For those who don’t subscribe to Newsweek, journalist Christopher Dickey has written an excellent article on Modern South (which is of course a Palimpsest of Old South and Middle South as well available here. He basically retraces Sherman’s March (East Tennessee to Atlanta to Savannah and up through the Carolinas with a stopover in North Georgia), largely to discuss people’s political opinions on Obama/McCain and compare/contrast the changes in his lifetime and before.
I don’t agree with all of his points and haven’t experienced all of his observations (I’ve seen plenty of McCain 2008 bumper stickers). I also admit to being irked that his accompanying photographer had to include a picture of a KKK outfit (one from a museum managed by an old nut biker white supremacist in north Georgia- this would be like doing an “A day in the life of New England” article and going into the home of a xenophobic crank in Maine to take a pic of a “Blow up the Kittery Bridge Now!” poster and pretending it’s just something you came across), but has good points and interesting observations throughout. He talks about the recent additions of millions of “browns” to the blacks and whites who’ve dominated Southern society for 400 years (when I was in public school in the early 80s we only had one Spanish speaking family [not counting exchange students] and they were rich [refugees from Nicaragua- I’m guessing big shots under Somoza who fled when he did], but my cousin who teaches in the Bama public schools now has one class where non U.S. born students, most of them from poor families, are about a quarter of the class and Spanish is heard in the halls and lunchroom everyday).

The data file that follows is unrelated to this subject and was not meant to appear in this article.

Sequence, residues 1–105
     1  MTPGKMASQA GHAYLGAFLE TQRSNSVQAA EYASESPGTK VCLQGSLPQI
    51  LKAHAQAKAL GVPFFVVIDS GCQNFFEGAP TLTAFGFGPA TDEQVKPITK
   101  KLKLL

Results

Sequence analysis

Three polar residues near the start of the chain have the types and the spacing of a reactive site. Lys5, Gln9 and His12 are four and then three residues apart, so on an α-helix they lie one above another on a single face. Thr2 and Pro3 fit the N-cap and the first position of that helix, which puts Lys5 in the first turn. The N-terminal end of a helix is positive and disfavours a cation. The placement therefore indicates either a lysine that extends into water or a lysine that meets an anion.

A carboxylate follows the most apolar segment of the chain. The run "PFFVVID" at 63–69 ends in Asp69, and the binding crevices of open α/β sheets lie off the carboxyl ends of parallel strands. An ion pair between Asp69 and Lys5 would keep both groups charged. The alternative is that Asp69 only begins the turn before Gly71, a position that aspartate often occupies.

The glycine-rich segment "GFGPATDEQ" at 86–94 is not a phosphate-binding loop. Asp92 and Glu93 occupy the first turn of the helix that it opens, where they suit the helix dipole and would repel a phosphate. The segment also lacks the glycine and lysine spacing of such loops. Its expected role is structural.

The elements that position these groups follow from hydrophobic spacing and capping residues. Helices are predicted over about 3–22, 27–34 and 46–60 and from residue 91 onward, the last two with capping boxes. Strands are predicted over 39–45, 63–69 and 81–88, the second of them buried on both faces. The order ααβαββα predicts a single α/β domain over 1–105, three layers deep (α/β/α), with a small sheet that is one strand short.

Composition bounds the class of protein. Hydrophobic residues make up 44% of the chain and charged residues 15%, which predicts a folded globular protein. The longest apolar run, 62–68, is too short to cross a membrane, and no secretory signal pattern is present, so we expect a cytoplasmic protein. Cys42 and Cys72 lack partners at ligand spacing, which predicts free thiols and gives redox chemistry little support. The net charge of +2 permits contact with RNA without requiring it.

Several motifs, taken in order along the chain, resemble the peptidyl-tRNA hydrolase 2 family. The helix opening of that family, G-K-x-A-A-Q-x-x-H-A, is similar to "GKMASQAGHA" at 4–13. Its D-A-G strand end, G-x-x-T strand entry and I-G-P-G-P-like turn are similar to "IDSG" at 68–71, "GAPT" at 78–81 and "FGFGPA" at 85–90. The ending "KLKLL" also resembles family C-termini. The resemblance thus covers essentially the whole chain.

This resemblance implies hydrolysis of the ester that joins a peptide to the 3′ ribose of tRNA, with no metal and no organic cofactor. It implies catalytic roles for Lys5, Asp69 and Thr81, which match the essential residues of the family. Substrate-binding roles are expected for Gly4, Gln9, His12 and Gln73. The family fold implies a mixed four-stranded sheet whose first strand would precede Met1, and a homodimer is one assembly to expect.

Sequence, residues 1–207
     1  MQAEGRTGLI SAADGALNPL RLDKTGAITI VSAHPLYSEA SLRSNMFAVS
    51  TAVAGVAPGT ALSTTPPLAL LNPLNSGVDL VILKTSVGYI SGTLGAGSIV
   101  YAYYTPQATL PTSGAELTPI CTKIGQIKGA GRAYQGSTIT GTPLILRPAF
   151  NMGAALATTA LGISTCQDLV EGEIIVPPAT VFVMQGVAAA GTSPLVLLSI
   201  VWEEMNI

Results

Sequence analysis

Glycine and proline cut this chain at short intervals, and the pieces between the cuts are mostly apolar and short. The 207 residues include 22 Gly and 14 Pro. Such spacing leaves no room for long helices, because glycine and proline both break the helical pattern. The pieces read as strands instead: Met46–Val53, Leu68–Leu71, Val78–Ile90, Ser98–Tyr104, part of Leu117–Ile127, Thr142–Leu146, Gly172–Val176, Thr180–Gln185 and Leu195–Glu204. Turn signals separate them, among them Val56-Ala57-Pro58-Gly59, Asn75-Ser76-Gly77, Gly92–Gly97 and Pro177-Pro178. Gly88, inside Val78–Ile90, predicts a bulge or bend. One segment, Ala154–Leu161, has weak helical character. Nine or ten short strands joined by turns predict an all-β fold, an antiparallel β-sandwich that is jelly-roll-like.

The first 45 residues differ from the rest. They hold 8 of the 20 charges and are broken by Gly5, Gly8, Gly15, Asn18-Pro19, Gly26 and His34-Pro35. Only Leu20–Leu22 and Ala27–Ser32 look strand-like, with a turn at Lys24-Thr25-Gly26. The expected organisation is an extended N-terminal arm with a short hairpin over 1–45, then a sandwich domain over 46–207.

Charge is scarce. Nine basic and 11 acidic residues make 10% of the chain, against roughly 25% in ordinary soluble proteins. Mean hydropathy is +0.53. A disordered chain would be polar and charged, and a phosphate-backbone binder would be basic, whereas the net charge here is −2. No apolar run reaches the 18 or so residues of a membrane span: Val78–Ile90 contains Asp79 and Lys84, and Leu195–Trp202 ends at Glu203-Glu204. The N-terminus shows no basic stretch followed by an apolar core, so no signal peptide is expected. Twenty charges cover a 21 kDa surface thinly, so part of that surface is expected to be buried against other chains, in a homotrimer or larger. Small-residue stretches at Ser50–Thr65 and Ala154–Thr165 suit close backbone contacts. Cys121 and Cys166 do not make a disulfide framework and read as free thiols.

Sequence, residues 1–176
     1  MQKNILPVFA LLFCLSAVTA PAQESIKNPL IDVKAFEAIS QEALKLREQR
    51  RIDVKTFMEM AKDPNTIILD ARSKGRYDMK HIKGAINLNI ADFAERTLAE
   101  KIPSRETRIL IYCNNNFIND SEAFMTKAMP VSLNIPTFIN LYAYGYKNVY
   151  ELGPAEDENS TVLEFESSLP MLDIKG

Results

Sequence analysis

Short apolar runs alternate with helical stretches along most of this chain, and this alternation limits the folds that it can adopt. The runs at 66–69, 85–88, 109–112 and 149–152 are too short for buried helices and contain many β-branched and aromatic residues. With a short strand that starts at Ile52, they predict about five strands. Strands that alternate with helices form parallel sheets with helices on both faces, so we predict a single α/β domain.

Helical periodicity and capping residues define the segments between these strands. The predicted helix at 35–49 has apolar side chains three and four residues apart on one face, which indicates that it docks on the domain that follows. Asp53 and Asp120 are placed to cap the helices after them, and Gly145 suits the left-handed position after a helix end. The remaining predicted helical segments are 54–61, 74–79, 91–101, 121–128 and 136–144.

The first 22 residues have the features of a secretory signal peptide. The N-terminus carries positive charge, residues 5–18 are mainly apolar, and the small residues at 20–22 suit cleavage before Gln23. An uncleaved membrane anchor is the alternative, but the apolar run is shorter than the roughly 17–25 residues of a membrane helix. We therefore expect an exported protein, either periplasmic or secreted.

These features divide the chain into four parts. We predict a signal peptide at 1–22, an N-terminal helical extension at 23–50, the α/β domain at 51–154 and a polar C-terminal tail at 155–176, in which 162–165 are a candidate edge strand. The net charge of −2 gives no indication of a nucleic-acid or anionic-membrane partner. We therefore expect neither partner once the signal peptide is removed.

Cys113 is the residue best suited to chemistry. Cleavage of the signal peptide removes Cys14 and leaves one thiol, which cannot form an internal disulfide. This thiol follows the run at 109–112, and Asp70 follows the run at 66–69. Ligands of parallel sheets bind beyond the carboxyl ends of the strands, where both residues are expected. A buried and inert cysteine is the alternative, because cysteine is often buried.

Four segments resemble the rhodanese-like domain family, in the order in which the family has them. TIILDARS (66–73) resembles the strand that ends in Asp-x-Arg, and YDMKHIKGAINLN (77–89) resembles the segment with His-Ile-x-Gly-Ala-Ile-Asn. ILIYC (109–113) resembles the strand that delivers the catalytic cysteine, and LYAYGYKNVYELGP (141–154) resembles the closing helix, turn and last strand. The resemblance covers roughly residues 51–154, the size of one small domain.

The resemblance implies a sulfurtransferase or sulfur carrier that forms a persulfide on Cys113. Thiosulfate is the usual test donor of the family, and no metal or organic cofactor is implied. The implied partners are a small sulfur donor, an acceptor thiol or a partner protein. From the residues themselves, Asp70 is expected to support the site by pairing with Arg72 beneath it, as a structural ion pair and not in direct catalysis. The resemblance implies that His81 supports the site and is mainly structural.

Anyway, would be curious to read what other Dopers, southern or non, thought of the article.
[SIZE=1]I’d be remiss in not mentioning Christopher Dickey’s last name, which is “the son of Deliverance author James Dickey”. One of the lighter moments was his description of seeing the “When you hear banjos row faster!” bumper stickers in the north Georgia mountains, a region that’s gone from shacks and hillbillies to upscale tourist cabins and gourmet dining since the book was written.